This Week in Sound: Ways of Listening Beyond the Human

A lightly annotated clipping service

This Week in Sound

These sound-studies highlights of the week originally appeared in the April 11, 2023, issue of the free weekly email newsletter, This Week in Sound.

▰ BACKING TRACKS: How does music support work activities? Nikki Forrester of Nature spoke with a variety of scientists, including Manuel Gonzalez, an organizational psychologist at Seton Hall University in South Orange, New Jersey: “Gonzalez encourages his lab members to avoid music when delving into new territory, so that they can apply all their mental resources to process what they’re doing and learning. As researchers become more proficient in particular methods, complex tasks can start to feel routine, a better scenario for incorporating music.”

▰ AIR HAZARD: A lizard called the Colorado checkered whiptail deals with noise pollution by stress-eating: “After aircrafts passed, the lizards’ levels of cortisol, a hormone linked to stress, had skyrocketed, the team reports in a paper published last week in the journal Frontiers in Amphibian and Reptile Science,” writes Carolyn Hagler of Smithsonian Magazine. “Their behavior also shifted—the lizards moved around less and ate more in a likely attempt to rebuild the energy resources lost during their stress reaction.”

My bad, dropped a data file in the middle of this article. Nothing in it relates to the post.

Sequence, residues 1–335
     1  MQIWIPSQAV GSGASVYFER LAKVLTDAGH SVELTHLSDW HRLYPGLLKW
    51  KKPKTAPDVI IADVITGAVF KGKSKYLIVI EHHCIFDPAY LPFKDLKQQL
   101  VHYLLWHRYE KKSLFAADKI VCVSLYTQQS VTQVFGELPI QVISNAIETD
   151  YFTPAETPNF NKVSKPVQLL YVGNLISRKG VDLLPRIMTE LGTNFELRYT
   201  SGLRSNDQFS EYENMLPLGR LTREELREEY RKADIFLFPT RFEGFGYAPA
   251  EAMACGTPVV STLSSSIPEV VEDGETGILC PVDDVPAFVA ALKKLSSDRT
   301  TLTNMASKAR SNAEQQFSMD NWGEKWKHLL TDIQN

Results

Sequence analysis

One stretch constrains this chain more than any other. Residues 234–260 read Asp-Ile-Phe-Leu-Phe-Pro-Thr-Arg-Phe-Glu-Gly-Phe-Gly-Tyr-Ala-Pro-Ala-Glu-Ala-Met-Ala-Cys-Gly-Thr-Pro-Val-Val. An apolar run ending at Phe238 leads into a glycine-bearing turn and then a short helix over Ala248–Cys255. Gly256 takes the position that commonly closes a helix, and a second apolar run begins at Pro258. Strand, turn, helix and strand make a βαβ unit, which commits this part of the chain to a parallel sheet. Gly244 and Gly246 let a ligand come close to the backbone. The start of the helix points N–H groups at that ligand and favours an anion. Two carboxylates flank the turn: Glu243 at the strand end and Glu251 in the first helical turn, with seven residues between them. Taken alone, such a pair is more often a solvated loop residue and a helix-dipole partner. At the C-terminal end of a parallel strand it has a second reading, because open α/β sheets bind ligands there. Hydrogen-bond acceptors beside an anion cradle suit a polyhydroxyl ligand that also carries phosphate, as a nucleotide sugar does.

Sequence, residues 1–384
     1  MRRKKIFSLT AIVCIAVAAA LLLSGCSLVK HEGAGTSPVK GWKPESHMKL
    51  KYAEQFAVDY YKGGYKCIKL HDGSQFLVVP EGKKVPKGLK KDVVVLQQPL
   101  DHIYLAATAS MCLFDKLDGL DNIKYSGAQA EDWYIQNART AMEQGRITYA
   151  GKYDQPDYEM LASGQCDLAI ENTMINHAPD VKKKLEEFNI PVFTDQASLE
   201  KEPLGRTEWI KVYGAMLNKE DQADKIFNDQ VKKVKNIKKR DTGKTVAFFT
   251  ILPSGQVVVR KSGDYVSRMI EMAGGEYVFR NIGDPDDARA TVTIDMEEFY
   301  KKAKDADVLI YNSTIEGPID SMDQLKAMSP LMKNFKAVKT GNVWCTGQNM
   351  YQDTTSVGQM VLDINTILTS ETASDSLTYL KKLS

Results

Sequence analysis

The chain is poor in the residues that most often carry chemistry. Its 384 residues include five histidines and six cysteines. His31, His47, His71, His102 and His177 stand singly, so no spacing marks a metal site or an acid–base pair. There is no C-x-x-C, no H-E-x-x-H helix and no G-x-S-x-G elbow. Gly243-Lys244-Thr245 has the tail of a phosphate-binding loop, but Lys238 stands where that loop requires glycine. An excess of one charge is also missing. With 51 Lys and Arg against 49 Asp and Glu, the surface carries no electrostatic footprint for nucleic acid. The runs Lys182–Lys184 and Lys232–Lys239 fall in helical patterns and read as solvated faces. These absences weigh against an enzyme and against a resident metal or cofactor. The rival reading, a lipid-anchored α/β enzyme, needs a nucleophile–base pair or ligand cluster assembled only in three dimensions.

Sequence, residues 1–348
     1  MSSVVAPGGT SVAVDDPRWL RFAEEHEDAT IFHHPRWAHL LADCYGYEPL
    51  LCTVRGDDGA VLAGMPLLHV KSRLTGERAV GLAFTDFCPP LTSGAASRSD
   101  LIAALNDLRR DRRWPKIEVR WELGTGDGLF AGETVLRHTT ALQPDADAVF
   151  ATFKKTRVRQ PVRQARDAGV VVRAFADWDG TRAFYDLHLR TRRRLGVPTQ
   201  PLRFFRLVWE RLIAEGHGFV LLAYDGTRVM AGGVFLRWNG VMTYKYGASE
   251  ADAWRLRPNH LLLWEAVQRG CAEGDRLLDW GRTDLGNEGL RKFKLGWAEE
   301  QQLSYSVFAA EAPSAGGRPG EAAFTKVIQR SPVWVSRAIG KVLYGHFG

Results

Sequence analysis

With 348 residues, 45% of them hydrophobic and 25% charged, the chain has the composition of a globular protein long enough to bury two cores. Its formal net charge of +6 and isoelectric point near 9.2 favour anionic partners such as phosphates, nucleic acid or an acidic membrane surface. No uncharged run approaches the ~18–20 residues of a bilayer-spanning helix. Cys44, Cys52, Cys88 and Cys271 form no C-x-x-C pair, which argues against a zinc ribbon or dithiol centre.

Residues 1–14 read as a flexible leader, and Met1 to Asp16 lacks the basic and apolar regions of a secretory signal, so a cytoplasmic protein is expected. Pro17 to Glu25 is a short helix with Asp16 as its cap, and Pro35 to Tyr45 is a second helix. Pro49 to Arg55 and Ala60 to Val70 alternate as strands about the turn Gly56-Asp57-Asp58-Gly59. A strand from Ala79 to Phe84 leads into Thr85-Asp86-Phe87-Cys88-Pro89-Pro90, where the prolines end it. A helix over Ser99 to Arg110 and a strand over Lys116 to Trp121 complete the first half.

▰ AUTO PLAY: Wired’s Boone Ashworth profiles Jeremy Yang, lead sound designer for the robovan company Zoox: “Robotaxis have to use a whole suite of noises to guide a rider through the journey and keep them from doing anything stupid along the way. Most of it is standard car stuff: sounds to let you know a door is ajar, sounds to tell you to put your seat belt on, sounds to alert you that the route has changed. The challenge is making the bleeps and bloops communicate as clearly as a human would.”

▰ VEG OUT: More on the sounds of agitated plants, via the New York Times’ Darren Incorvaia: “The vexed vegetables didn’t air their grievances randomly but rather made specific complaints that matched up with the type of stresses they were under. A machine-learning program could correctly tell, with 70 percent accuracy, whether the grumbling plant was thirsty or at risk of decapitation.” (Thanks, Mike Rhode!)

▰ OTHER EARS: Ithaca College hosted a presentation by Kate Galloway on video games that engage with animal perspectives, and how doing so “articulates the complexity of human-animal relationships, displaces the boundaries between human and other, and articulates ways of listening beyond the human to actual and virtual sensory ecologies.”

▰ QUICK NOTES: Growth Market: Noisy incubators could stunt the growth of premature infants ( ▰ GPS Whiz: Meet Karen Jacobsen, whose voice is used ubiquitously by Google Maps — and yet which Siri has difficulty recognizing ( ▰ Ear-ly Adopter: Martha Joseph of the Museum of Modern Art surveyed MOMA’s past engagement with sound art ( ▰ On Brand: Wikipedia debuted its new sound logo ( ▰ Road Rage: Traffic noise makes blood pressure rise (

Leave a Reply

Your email address will not be published. Required fields are marked *